capturing the pawn with our own pawn and counterattacking their knight.
We answer d5 by capturing the pawn with our own pawn and counterattacking their knight.

Here, black has to do something about our annoying pawn on d5 otherwise they lose the knight. If they move their knight, then we can just advance d5 to d6, and bishop and knight will once again team up on f7. This is very bad for black. Obviously capturing on d5 with the queen just loses a queen for black. So, black will capture with their other knight on d5.

Black uses the knight to capture on d5, and save their other knight.
Black uses the knight to capture on d5, and save their other knight.

This is where a lot of players with the black pieces will go wrong. They will think they’re safe because the bishop no longer has vision on f7, and the knight is under attack by the black queen. You will be tempted to move your queen’s pawn to d3 in order to allow your dark-squared bishop to defend your knight. But, there is a much more devastating move. We can capture on f7 with our knight.

A surprising move,
  knight takes f7, forces black's king to come up the board.
A surprising move, knight takes f7, forces black's king to come up the board.

This is a surprising move that looks like it’s a blunder. The knight is undefended, so the king can simply capture it. But, this is exactly what we want. Black is almost forced to do this. If they do not, then they lose their queen or rook. Once the king captures our knight, we can then bring our queen our to f3 and give a check to the king.

We follow up our knight sacrifice with a check from our queen.
We follow up our knight sacrifice with a check from our queen.

In addition to giving a check, our queen is now a second attacker on the knight on d5, which is currently only defended by black’s queen. We are threatening to capture the knight and re-gain the knight that we just sacrificed. If black doesn’t add another defender to the knight, then feel free to just take it. However, the optimal move for black is to simply move their king to e6 to defend the knight.

The king exposes itself further by moving further up the board.
The king exposes itself further by moving further up the board.

At this point, you have drawn the opposing king out into the middle of the board, and can continue to apply pressure to the knight on d5 by developing your own knight to c3. You have emerged from the opening down a knight, but with a powerful attack against the enemy king.

Third variation: Traxler Counterattack

This is by far the trickiest variation that black can deploy. After we begin our knight attack, and have two pieces eyeing the f7 square, black can choose to ignore our threat, and play their bishop out to c5.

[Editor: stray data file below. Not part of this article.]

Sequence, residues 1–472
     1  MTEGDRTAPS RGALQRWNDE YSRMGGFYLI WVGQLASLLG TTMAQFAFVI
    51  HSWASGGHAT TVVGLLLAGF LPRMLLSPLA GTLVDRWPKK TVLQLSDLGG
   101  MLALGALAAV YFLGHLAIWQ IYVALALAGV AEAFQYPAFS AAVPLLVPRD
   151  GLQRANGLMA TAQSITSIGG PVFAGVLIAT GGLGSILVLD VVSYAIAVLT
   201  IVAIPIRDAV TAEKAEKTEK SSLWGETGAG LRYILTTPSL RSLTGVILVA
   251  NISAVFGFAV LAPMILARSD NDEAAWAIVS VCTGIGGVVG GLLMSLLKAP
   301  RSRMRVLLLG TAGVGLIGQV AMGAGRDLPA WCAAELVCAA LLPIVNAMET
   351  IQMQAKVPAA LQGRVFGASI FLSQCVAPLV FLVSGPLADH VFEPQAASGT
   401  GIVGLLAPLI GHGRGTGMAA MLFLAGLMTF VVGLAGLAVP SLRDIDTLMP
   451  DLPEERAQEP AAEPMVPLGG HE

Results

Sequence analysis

Black ignores our
  threat on f7 and plays bishop to c5, beginning The Traxler Counterattack.
Black ignores our threat on f7 and plays bishop to c5, beginning The Traxler Counterattack.

Essentially, if we continue with our plan of capturing on f7 with the knight, then black will sacrifice their bishop on f2! This forces our king to capture the bishop and come forward.

Black sacrifices their bishop on f2 to draw our king out.
Black sacrifices their bishop on f2 to draw our king out.

They can then follow up with checks from their knight and queen. All the pressure that we wanted to apply to black is now being applied to us. We are better off avoiding all these complications. Instead of capturing with the knight on f7 when our opponent launches The Traxler Counterattack, we should just capture with the bishop, and give a check.

To avoid
  complications, we capture on f7 with our bishop and simply emerge with an
  extra pawn.
To avoid complications, we capture on f7 with our bishop and simply emerge with an extra pawn.

Then, we can retreat our bishop back to b3 and castle. You might wonder why we can’t just castle immediately. This would be a mistake, because your opponent would simply push a pawn to attack your knight. If you move away your knight, then your bishop becomes undefended.

If we
 castle before getting our bishop back to safety, our opponent can force us to
 lose either our knight or bishop by attack with a pawn.
If we castle before getting our bishop back to safety, our opponent can force us to lose either our knight or bishop by attack with a pawn.

You do not need to castle immediately, because if black still insists on sacrificing their bishop on f2, they do not have a follow-up check with their knight to e4, because that square is defended by our knight on g5. So make sure you retreat your bishop before castling.

At the end of this Traxler variation, black has lost a pawn and the right to castle. We have emerged from the opening with an extra pawn, and removed our opponent’s right to castle, so we have the advantage.

Parting thoughts

There maybe other unorthodox variations that have been tried against The Fried Liver Attack, but you are unlikely to encounter any of them at the beginner or intermediate level. The queen to e7, pawn to d5, and The Traxler Counterattack are the ones you will almost always encounter. This might seem like a lot of information to process, but just remember that the goal of The Fried Liver Attack is to continuously apply pressure to the f7 pawn, and remove black’s right to castle. If you get overly greedy, and don’t pay attention to your opponent’s moves you might find that this opening backfires.

The Fried Liver Attack is not played by grandmasters, and is considered highly dubious, but what’s the point of playing super precise and positional chess if you’re not having fun? At a certain point, you will find that players stop allowing you to play The Fried Liver Attack, because they recognize the dangers, but that’s why it’s important to augment your repertoire with other attacks such as The Evans Gambit. But, if your opponent just plays their two knights out into the middle of the board, why not make them pay for their boring play?